2. Hi Amy. It is so amazing how revered you are there. I don't quite understand it. But I'm glad for you.
    Re: car wash. You know what they say: Simple pleasures are the best. I was laughing hysterically when I read the part about the church service.. Love and miss you. Mom

  3. Hi Amy, just getting caught up on your last few day's and continue to laugh until I cry at your stories. I am just picturing your face when the pastor yell's out your name, and what your face must have looked like coming out of your kung fu fog. We give you so much credit for all the experiences you try, with no hesitation. Heck, some of us cannot figure out the CTA let alone the bus system in South Korea. Sounds like the Lions club ladies are quite a wild bunch. Are you going to have your ETA friends come visit your mountain town one weekend? That could be a shock to them and your town. Hope you have resolved the bug issue, and if we can send you anything to help, just say the word.

    Take care, and we will try and call you soon. So hard to get the timing right, and would hate to wake up the family.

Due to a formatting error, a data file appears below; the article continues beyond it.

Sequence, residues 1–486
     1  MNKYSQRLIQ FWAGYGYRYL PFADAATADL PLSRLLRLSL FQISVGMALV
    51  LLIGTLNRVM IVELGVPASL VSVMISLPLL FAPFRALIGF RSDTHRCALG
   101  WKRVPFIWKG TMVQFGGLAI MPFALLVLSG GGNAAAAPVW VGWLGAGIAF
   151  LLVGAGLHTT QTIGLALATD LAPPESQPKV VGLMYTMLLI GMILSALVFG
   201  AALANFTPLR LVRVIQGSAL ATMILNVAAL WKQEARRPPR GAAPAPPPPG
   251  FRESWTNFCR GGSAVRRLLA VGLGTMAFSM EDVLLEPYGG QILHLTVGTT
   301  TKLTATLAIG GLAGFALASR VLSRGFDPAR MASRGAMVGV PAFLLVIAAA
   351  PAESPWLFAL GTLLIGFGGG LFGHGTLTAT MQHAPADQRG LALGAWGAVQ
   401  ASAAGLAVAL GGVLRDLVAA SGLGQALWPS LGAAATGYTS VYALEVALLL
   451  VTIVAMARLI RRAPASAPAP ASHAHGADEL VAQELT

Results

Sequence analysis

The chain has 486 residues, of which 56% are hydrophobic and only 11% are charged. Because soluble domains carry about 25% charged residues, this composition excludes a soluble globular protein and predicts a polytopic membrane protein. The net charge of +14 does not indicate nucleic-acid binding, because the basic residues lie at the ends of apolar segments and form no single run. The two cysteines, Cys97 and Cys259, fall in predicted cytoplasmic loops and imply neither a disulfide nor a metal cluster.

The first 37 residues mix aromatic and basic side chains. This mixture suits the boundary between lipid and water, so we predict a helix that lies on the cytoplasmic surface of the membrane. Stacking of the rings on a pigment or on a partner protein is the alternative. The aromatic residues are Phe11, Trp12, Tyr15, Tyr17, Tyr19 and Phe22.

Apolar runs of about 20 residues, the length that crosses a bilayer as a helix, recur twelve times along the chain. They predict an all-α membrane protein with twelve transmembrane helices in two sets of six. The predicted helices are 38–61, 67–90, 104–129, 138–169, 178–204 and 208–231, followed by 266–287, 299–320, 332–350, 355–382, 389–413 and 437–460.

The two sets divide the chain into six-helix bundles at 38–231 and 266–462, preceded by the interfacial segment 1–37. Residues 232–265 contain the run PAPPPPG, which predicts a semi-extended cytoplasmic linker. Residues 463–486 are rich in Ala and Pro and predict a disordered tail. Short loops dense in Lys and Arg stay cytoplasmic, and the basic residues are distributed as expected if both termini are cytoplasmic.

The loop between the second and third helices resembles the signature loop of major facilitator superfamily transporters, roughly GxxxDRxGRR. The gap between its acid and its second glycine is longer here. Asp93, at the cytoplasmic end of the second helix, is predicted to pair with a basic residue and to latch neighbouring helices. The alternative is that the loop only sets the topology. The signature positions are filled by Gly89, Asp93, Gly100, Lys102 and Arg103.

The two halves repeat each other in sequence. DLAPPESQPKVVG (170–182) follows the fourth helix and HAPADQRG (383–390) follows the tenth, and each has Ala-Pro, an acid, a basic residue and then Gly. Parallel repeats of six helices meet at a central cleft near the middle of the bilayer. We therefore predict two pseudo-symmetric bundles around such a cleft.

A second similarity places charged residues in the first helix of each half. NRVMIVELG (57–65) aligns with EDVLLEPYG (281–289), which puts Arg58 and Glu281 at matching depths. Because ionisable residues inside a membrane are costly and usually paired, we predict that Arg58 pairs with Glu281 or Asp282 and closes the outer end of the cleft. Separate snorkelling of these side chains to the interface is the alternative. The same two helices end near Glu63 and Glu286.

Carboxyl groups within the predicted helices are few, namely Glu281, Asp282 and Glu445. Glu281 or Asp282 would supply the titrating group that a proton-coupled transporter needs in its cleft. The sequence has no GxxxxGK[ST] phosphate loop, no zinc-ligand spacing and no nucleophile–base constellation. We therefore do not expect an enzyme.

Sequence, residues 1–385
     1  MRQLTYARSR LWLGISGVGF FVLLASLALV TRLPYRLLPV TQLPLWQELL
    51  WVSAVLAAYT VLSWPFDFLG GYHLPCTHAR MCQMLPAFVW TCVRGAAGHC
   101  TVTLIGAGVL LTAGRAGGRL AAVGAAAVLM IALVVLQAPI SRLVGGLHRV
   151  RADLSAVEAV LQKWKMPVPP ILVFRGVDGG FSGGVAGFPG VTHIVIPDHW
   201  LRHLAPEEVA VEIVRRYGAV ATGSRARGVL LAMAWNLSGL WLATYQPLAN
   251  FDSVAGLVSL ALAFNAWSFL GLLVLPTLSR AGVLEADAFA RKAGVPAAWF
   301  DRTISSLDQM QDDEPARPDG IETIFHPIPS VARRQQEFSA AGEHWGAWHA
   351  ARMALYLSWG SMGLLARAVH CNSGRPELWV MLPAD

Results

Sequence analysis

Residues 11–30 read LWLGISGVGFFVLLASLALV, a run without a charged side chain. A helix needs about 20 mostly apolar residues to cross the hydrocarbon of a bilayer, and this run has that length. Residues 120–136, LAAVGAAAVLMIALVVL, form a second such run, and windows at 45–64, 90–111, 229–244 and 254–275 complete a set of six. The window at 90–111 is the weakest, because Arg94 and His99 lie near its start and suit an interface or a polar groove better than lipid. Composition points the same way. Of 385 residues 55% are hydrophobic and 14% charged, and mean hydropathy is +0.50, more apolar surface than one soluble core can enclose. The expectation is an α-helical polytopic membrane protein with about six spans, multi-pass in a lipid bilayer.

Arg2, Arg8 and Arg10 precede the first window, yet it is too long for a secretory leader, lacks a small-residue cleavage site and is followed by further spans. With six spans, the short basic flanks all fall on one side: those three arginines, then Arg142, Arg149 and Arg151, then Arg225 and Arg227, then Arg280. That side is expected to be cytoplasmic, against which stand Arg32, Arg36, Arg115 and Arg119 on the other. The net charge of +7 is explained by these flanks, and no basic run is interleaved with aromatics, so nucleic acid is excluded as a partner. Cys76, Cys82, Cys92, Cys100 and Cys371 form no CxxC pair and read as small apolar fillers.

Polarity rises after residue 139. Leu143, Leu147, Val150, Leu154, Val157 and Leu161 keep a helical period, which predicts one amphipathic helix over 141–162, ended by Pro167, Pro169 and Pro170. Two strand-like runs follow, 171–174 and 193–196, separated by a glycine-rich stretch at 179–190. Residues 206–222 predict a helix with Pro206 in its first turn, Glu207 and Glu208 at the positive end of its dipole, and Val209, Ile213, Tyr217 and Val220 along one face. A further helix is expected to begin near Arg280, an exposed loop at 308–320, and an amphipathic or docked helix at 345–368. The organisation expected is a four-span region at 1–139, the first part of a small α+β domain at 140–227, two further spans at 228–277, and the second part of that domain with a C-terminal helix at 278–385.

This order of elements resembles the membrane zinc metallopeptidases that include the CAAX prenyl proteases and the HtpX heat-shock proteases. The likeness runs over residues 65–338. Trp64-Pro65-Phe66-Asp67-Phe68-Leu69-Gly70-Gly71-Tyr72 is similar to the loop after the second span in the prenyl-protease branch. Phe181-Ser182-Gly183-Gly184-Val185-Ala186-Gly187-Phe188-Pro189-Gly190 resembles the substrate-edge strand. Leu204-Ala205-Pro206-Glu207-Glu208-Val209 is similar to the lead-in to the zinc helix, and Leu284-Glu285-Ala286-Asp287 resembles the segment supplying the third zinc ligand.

Love you,

    AS & UJ

  4. Amy

    Looks like you had a good weekend! Thanks for sharing your weekend story. It is very funny to see the "car wash" thing. I saw three boys in the car, right? I don't know why kids got excited to go through the car wash machine like them without any reasons..

    I used to go temples with my grandmother (father side) frequently when I was little before third grade.. She used to be a Buddhist, well not exactly believing in something. She just got some helps for family matters from monks and people there. So I hung out with monks and had a chance to glimpse their lives. Their daily life is all planned and ritual somewhat. As you may know, monks cannot eat meat and don't use any oil in their foods. But their foods are very delicious and exquisite. I miss the serene atmosphere in temples there - bell sounds, water etc... very comforting.

    Hope you will have a good week in your school!